Defendant next argues the trial court erred in allowing the introduction of enhanced tapes into evidence and by playing the tape recording for the jury without adequate foundation. Defendant further contends the tape recording was unduly prejudicial because the trial court failed to grant defendant's request for funds to obtain an expert examination of the tape recording's authenticity.     "[T]he proponent of an audiotape must authenticate it by showing that it is what the proponent claims." State v. Martinez, 149 N.C. App. 553, 559, 561 S.E.2d 528, 532 (2002); see N.C.R. Evid. 901(a). "Under Rule 901, testimony as to accuracy based on personal knowledge is all that is required to authenticate a taperecording, and a recording so authenticated is admissible if it was legally obtained and contains otherwise competent evidence." State v. Stager, 329 N.C. 278, 317, 406 S.E.2d 876, 898 (1991).
    The trial transcript shows that Ms. O'Neal testified that she recorded the incident and identified the voices of her and defendant on the tape recording. Detective Robert Trotter of the Davie County Sheriff's Department testified to the authenticity, care, and custody of the tape recording during the course of the investigation. Stuart Campbell, special agent with the N.C. State Bureau of Investigation, copied and enhanced the tape recording and testified to the enhancing process and the tape recording's authenticity. The testimony at trial demonstrated personal knowledge of the tape recording to authenticate it and subsequent copies thereof.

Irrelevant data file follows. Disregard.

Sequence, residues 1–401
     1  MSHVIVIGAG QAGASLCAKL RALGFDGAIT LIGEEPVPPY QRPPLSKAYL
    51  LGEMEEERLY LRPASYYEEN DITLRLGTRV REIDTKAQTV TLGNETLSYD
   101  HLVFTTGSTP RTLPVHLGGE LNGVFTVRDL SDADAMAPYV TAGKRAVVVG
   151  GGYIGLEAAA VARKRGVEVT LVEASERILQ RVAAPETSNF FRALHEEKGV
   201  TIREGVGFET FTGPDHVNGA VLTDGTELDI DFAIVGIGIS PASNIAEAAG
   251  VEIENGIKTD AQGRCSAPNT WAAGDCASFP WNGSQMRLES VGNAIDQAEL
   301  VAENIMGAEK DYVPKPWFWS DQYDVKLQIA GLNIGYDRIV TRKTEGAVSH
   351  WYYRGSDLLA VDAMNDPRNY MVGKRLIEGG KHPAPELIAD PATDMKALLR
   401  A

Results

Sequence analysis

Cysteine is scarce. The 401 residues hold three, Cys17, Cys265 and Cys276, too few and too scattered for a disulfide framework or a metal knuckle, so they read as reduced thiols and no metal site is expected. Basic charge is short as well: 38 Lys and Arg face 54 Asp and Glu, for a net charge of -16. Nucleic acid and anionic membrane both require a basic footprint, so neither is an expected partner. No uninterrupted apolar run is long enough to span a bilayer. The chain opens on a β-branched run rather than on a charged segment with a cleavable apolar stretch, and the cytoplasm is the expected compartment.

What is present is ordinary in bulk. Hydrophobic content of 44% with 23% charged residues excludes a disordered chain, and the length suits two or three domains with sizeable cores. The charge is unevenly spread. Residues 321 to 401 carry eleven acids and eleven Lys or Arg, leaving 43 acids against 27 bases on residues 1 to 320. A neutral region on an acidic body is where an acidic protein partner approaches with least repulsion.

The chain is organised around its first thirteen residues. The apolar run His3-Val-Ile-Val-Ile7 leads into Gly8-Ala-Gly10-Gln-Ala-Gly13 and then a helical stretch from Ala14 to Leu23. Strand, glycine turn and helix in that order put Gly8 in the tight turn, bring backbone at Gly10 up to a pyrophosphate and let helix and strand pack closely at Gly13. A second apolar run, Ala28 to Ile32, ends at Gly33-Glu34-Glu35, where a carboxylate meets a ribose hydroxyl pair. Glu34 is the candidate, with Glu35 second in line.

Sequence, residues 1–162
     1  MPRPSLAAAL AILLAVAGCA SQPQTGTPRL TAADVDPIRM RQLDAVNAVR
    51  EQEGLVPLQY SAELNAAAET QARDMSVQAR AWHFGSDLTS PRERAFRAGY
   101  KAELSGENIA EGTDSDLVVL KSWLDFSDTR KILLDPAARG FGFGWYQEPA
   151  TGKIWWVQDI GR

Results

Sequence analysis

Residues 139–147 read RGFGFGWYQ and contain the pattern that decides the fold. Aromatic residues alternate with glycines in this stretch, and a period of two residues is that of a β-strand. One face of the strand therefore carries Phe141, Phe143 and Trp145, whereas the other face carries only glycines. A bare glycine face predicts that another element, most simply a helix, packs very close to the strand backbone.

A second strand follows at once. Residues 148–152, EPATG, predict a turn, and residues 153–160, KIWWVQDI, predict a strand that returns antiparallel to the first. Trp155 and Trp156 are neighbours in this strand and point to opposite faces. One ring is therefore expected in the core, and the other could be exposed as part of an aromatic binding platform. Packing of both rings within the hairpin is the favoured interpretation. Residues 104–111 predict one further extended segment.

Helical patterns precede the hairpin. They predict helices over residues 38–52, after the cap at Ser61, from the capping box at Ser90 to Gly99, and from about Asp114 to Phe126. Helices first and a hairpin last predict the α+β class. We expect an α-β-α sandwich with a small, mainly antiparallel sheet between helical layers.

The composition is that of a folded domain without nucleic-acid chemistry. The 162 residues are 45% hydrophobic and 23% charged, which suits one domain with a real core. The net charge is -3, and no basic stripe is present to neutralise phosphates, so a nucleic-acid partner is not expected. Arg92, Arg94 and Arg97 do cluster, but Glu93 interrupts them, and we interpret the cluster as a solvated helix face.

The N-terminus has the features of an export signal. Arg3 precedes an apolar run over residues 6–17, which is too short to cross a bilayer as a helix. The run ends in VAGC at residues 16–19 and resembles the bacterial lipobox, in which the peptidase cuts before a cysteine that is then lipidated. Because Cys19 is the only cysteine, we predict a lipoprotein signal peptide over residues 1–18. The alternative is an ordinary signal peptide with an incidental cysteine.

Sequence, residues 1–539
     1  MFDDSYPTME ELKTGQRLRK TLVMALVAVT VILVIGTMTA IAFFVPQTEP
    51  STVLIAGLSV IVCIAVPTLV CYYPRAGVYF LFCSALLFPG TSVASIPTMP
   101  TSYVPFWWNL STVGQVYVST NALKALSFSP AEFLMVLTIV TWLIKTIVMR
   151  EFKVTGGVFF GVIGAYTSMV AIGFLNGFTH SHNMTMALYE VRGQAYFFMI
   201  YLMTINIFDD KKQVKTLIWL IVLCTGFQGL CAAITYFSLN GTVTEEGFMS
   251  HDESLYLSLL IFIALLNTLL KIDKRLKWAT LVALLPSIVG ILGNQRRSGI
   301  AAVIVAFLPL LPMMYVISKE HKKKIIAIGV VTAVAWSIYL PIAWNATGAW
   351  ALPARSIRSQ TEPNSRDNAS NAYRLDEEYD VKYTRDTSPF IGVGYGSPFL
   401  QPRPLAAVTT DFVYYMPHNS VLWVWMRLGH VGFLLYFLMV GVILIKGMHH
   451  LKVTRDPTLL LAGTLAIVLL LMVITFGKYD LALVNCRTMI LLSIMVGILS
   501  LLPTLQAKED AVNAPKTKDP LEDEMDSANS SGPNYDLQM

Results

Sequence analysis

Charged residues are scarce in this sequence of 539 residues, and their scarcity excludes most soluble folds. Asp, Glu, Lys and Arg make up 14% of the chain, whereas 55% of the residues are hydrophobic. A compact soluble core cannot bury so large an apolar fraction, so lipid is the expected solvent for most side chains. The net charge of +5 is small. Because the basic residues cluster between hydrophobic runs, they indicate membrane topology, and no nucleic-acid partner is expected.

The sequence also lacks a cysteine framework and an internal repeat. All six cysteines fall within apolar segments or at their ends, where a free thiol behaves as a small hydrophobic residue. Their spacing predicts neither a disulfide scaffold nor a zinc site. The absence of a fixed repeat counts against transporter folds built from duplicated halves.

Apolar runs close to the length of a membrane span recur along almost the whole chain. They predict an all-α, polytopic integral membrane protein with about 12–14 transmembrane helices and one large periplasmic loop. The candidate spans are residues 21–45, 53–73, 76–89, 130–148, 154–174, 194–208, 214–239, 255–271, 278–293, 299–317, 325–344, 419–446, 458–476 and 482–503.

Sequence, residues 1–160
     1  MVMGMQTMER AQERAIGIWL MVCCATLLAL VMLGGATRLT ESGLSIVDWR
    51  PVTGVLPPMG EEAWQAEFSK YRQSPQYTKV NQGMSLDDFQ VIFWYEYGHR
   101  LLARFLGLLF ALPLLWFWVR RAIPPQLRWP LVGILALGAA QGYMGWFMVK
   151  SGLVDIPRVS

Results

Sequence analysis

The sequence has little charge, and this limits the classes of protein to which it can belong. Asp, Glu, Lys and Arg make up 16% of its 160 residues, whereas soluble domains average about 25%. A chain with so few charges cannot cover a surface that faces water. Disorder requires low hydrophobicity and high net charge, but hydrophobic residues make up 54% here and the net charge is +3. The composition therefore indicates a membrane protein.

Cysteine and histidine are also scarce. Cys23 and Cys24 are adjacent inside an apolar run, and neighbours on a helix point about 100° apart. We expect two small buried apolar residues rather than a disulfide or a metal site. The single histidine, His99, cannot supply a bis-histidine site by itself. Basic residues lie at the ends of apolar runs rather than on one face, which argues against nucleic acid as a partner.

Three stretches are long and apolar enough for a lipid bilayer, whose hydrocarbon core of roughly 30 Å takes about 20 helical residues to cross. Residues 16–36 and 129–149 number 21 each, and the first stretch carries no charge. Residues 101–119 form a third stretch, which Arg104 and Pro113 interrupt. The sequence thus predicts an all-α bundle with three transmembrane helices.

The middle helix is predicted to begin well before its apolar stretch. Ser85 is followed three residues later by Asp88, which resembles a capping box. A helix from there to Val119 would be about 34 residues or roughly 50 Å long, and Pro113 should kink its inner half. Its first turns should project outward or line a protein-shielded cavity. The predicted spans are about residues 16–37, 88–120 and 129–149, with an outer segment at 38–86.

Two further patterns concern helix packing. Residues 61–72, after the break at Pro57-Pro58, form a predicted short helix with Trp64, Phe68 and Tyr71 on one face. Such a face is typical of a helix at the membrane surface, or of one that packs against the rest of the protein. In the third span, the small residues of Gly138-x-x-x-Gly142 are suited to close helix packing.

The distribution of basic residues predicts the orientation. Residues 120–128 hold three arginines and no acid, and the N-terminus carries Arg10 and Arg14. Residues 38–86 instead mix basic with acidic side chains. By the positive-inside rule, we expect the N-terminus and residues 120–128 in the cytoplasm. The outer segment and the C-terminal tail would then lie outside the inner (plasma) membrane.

Defendant also contends the trial court should have granted his motion for funds to hire an expert to determine the authenticity of the tape recording.
            To first establish a threshold showing of need for expert assistance, a defendant must prove that "(1) he will be deprived of a fair trial without the expert assistance, or (2) there is a reasonable likelihood that the expert assistance will materially assist him in the preparation of his case." In determining whether a defendant has made the requisite showing of a particularized need, the court "should consider all the facts and circumstances known to it at the time the motion for . . . assistance is made." The showing demanded is flexible and is to be resolved on a case-by-case basis and not by a bright-line rule. The "mere hope or suspicion of the availability of certain evidence that might erode the State's case or buttress a defense will not suffice to satisfy therequirement that defendant demonstrate a threshold showing of specific necessity for expert assistance." Similarly, undeveloped assertions that the requested expert assistance would be beneficial or even essential to the preparing of an adequate defense are insufficient to satisfy this threshold requirement.

State v. Garner, 136 N.C. App. 1, 7-8, 523 S.E.2d 689, 694-95 (1999) (citations omitted), cert. denied, 351 N.C. 477, 543 S.E.2d 500 (2000).